It has taken a while to write this. I could say that it has been a busy few months of working on multiple projects and so the time has not been there. But to be frank, ‘More Than A Race’ has well and truly lived up to its’ name and it has taken a while to recover from this journey both physically & emotionally. I simply have not had the will to collect my thoughts and write them down until recently. This is an insight into my journey and personal narrative behind the lens during the filming of More Than A Race.
The original brief from Steve & Janet [HK100 Race Directors] was to film and produce a promotional piece that would be 13 minutes long and showcase both the race and Hong Kong. As someone who calls Hong Kong home after spending most of my life here, this was a perfect opportunity to show another side to this place that is commonly misperceived as simply being a concrete jungle. This broader focus that went beyond just filming the HK100 as a race appealed to me as I have previously been reluctant to film live races and have turned down a number of offers to film such events in the past. To film an event such as an ultra race really needs a good-sized team that can vary depending on the length of the race, the terrain and accessibility. The filming logistics cannot be taken lightly.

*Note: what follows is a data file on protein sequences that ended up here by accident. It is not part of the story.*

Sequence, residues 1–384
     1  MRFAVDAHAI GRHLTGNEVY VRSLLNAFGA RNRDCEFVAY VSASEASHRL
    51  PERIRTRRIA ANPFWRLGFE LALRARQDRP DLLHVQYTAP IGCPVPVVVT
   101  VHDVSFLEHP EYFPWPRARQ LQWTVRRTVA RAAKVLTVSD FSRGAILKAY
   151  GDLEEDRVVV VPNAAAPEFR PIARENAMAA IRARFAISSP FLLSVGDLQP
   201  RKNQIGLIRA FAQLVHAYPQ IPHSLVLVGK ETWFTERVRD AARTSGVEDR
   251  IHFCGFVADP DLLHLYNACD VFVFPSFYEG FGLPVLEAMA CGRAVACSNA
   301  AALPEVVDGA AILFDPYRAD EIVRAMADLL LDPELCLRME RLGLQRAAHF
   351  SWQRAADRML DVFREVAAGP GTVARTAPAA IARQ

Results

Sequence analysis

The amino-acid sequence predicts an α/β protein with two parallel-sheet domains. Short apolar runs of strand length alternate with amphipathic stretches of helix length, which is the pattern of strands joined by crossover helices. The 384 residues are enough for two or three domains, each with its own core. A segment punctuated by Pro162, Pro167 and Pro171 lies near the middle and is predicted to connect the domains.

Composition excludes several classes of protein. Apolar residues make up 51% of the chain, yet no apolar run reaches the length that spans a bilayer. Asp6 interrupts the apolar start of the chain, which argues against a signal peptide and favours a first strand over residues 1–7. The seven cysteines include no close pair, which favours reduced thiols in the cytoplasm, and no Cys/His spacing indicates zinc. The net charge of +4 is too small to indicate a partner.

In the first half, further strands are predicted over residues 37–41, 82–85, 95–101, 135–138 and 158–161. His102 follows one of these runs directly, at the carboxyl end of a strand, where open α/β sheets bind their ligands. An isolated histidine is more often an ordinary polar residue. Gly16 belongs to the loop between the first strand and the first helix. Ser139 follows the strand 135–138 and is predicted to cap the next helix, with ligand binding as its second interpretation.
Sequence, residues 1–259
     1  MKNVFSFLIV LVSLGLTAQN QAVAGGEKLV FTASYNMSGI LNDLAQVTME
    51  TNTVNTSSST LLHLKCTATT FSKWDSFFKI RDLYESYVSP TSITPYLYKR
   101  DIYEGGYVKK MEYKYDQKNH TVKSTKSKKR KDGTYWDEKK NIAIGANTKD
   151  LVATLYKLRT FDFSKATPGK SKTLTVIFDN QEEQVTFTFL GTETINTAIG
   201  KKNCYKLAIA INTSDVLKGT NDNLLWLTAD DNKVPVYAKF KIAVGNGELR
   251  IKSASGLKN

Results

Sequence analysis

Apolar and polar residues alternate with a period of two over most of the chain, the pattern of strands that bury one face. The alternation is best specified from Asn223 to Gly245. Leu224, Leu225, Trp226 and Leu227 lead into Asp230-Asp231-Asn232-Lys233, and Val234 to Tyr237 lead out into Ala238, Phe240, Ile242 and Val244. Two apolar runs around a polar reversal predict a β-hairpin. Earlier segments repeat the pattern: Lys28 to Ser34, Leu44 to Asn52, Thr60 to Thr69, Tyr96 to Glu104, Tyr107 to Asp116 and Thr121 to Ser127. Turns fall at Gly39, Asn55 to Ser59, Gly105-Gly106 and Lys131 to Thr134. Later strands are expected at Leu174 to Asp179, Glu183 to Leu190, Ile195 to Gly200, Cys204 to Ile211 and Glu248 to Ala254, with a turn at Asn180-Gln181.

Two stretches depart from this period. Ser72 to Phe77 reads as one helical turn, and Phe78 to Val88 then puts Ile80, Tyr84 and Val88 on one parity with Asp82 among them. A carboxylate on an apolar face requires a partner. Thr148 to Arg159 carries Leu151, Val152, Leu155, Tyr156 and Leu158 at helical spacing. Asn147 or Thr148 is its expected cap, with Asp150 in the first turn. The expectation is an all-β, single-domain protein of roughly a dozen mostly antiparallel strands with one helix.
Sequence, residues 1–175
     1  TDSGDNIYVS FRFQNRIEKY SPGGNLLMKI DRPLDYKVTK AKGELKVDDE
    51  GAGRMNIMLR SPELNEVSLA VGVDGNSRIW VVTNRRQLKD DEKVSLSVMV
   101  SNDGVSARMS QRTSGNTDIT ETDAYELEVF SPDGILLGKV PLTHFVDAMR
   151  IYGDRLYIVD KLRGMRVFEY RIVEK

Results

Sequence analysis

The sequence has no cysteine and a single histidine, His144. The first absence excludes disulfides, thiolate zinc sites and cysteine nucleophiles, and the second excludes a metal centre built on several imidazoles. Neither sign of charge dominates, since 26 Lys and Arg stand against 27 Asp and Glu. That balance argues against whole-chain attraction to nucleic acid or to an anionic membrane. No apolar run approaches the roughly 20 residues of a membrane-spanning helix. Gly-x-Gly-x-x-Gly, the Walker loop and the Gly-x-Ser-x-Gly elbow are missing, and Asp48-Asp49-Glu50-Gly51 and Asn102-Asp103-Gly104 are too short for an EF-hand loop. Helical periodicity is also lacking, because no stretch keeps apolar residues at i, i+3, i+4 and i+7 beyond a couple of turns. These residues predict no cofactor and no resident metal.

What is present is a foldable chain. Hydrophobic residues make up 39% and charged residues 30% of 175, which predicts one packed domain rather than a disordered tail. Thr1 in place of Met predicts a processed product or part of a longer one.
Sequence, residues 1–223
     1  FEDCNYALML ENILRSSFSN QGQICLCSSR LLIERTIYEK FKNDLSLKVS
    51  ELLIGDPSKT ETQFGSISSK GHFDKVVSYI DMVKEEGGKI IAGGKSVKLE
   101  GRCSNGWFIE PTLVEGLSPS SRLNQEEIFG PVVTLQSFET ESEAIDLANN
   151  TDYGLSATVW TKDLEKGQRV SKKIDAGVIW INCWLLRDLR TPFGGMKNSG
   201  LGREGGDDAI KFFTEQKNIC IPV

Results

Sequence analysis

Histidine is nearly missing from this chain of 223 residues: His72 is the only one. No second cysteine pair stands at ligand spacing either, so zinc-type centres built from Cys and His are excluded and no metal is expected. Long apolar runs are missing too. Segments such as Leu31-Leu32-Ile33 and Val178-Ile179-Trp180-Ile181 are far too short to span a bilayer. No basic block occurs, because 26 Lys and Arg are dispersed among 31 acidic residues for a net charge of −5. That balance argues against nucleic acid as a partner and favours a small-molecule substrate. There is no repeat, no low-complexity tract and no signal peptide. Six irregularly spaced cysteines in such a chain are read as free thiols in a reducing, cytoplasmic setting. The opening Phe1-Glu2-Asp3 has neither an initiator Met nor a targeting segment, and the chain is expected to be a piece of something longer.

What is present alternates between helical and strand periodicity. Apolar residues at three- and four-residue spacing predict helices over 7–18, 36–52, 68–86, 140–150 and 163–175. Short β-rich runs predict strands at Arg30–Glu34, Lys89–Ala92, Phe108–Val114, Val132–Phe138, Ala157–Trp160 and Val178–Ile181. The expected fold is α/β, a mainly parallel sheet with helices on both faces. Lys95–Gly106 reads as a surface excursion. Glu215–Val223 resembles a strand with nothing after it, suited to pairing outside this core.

I had little time in terms of preparation and started filming in December 2013. This was just a few weeks before the Hong Kong 100 race was due to take place and so I accepted that the level of narrative was going to be restricted to focusing on the more well-known runners as they flew in for the race. This is challenging as it only allows a certain depth to the content & insight into the main characters. A growing but modest event, there simply were no buckets full of cash for me to start working through a wish list of all the impressive array of equipment that are increasingly being used for adventure & trail films nowadays. The budget was tight and so filming the race was going to be down to good old fashioned grunt work of running between remote locations over hills and beaches on foot, carrying filming equipment in backpacks and whenever possible getting around on a motorbike.